One of the most important things on Canadian citizens’ minds is planning for retirement. Fortunately, Canadians can choose between several account types to help them pay for retirement. A Life Income Fund (LIF) can help you smartly save for retirement.
The team at Group Enroll is here to answer the question, “what is a LIF?” We will talk about the benefits of this kind of retirement fund and how you can take the most advantage of it.
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What Is a Life Income Fund (LIF)?
A Life Income Fund or LIF is a specific kind of Registered Retirement Income Fund that allows a recipient to receive regular payments during retirement. A LIF takes pension funds from a Locked-In Retirement Account (LIRA) and disburses a minimum to the recipient every month.
One of the key features is that you cannot withdraw a lump sum from a LIF. You must take regular payments subject to minimum and maximum withdrawal limits. The point of a LIF is to provide regular payments to retired persons, similar to the regular income from a job.
Each year, the government applies a formula to your previous year’s income to determine maximum and minimum withdrawal limits.
Who Can Create a LIF?
To create a LIF, you must have a LIRA that you contribute to your pension. When you reach retirement age, you can convert the funds in a LIRA into disbursements for a LIF.
Provincial rules determine at what age you can convert your LIRA into a LIF and start collecting payments. You must also convert your LIRA into LIF payments by December 31st the year you turn 71.
LIFs and Taxes
Like a Registered Retirement Savings Plan, LIRA account gains are tax-exempt until you convert them into a LIF and start withdrawing money. When you accept that money, you will have to pay income taxes on those funds.
If you pass away before you use all the money in your LIF, your financial institution can pay the remaining funds to a spouse or allow them to roll over those funds tax-free into a Registered Retirement Savings Plan account.
What Are the Benefits of a LIF?
Now that you know what a LIF is, let’s go over its benefits.
Similar to other types of retirement funds in Canada, you don’t have to pay taxes while the money in the LIF account grows from your investments. You only have to pay taxes when you withdraw and use the funds during retirement.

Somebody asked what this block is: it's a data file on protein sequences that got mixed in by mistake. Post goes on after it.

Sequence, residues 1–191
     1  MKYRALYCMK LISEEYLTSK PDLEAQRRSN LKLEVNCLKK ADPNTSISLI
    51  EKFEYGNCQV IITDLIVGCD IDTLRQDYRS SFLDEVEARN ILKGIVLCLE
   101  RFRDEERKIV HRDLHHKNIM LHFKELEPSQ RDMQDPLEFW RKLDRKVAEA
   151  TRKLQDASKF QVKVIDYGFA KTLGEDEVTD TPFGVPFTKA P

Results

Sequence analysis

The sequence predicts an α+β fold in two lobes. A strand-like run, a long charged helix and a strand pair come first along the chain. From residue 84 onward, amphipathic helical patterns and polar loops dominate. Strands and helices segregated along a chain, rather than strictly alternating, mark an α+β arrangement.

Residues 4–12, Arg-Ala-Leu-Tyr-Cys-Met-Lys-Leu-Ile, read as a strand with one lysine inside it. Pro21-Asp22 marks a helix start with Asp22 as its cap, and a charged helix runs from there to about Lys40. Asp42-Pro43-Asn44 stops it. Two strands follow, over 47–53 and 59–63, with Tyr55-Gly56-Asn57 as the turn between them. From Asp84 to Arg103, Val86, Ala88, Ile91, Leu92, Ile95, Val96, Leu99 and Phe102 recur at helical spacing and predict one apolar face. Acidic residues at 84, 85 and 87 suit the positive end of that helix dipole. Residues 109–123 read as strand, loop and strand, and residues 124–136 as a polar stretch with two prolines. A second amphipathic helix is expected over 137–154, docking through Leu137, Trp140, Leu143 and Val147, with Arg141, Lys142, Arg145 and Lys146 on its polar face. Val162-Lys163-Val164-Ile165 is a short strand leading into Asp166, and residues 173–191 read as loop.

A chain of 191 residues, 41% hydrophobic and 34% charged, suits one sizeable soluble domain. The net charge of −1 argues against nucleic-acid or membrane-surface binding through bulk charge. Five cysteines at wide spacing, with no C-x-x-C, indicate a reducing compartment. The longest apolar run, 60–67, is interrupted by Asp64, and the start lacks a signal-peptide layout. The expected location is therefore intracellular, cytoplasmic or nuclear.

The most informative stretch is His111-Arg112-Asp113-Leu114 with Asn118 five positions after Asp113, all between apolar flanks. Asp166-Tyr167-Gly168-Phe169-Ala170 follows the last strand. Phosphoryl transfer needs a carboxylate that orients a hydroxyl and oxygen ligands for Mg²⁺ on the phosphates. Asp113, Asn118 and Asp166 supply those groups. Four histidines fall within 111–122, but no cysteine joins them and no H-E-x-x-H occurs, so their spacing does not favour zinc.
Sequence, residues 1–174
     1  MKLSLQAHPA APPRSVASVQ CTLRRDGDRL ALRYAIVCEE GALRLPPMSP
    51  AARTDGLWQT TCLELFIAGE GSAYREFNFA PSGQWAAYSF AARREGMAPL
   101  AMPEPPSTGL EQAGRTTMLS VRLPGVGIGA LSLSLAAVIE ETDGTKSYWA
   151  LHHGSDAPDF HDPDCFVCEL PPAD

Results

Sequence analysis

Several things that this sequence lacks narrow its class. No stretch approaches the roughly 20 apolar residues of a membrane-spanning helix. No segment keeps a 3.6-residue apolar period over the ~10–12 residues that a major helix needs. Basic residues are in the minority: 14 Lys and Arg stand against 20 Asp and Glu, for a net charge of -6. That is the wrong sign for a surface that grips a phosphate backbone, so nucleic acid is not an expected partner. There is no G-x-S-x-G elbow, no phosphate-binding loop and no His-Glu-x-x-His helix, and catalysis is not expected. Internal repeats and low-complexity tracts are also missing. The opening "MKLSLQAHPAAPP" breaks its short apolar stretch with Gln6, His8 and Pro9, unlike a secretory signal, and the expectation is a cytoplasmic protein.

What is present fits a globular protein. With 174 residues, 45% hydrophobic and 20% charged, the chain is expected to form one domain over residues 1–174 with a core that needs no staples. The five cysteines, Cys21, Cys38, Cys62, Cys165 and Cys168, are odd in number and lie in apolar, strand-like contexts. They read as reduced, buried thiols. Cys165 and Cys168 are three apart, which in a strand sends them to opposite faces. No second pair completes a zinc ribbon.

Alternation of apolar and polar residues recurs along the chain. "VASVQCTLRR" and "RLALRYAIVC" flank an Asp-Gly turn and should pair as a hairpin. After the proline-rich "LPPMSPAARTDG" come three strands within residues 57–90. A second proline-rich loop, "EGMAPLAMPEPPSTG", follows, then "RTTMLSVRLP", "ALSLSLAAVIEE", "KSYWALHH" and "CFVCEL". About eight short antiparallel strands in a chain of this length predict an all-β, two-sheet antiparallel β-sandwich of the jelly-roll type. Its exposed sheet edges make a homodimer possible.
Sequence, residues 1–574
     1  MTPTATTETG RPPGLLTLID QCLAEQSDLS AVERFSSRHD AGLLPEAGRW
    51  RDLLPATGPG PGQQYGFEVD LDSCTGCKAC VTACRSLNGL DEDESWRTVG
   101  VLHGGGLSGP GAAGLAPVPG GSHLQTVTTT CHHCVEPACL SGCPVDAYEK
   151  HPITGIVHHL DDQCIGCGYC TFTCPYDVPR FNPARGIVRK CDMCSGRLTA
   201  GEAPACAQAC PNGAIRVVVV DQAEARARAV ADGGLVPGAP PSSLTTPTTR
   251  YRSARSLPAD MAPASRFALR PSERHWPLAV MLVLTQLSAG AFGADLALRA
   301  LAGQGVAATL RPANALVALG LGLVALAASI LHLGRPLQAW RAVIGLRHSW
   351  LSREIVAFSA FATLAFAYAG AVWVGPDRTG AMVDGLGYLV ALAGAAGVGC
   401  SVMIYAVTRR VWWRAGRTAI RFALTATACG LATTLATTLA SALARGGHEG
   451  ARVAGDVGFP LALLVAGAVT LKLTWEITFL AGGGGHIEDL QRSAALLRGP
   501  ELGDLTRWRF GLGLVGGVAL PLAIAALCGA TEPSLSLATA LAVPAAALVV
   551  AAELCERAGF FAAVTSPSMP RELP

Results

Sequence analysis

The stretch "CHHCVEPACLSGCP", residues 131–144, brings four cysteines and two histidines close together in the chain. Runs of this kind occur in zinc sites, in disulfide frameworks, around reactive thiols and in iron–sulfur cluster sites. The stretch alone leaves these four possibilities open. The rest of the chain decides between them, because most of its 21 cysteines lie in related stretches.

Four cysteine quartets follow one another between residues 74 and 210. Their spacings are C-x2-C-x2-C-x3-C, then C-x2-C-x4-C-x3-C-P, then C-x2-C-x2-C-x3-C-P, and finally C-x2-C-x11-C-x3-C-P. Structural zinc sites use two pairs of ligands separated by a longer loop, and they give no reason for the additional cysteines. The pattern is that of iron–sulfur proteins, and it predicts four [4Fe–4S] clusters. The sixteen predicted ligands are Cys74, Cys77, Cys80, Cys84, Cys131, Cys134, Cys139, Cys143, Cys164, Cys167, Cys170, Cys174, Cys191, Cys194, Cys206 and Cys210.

Unlike many other retirement accounts, you can push back accessing your LIF after retirement until you are 71 years old. Postponing withdrawals gives your investment more time to grow and accrue value.
Unlike an individual pension plan, a LIF gives you a consistent source of income every month. The government puts a minimum and maximum withdrawal amount depending on the previous year’s taxable income. The consistent nature of LIF disbursements makes it easier to budget during retirement.
One of the best features of a LIF is the amount of investment freedom you have. Allowable assets in a LIF include:
- Mutual funds
- Private stock
- Corporate bonds
- Government bonds
Opening a LIF gives you a flexible way to pick investments and plan for your retirement.
What Are the Downsides of a LIF?
Like any retirement product, LIFs have a few downsides.
- You must be a minimum age before you can start accepting payments from a LIF. However, you can delay disbursement to give your investments more time to grow until you are 71.
- LIFs have maximum withdrawal limits per payment period, so you won’t be able to withdraw more money if you need it during that period.
- LIFs offer more retirement flexibility than many other retirement accounts, but there are still limitations on what kinds of investments your account can hold.
Life Income Fund FAQs
Below are some of the most pressing questions about how LIFs work.
You can start making withdrawals from your LIF as soon as you reach the province-defined retirement age. You can postpone taking withdrawals until the end of the year when you turn 71.
Financial institutions determine annual withdrawal limits using the same formula they use for registered retirement income fund payments. You can calculate your minimum withdrawal limit with the formula:
1 ÷ (90−current age)
For example, if you are currently 65, the minimum payment for your LIF would be 1 ÷ (90 − 65) = 4%. The minimum required withdrawal is 4% of your total LIF fund. After the age of 71, percentages follow a government-defined disbursement schedule.
Yes. You can transfer LIF funds into another LIF, pension plan, annuity, or pooled registered pension plan account.
Yes, all the funds in your LIF are creditor protected, meaning creditors cannot seize your retirement funds as collateral or to pay off any debt.
You do not have to turn your LIF into a LIRA. You can use the money to purchase an annuity, for example. If you are going to have a LIF, you must transfer from your LIRA before the end of the year when you turn 71.
Opening a LIF is a good idea for anyone who wants to simplify receiving income during retirement. If you anticipate high living costs when you retire, you may want to consider another investment vehicle that does not have maximum withdrawal limits.
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Now that you know the answer to “what is a LIF?”, you can take the next step. Find and compare group insurance policies and retirement funds with Group Enroll. Fill out our quote form to get started and receive competitive rates on retirement funds, group health insurance, and more from Canada’s top providers. You can also email our team at firstname.lastname@example.org or visit our office at 10 Great Gulf Drive, Unit 5, Vaughan, ON, L4K 5W1.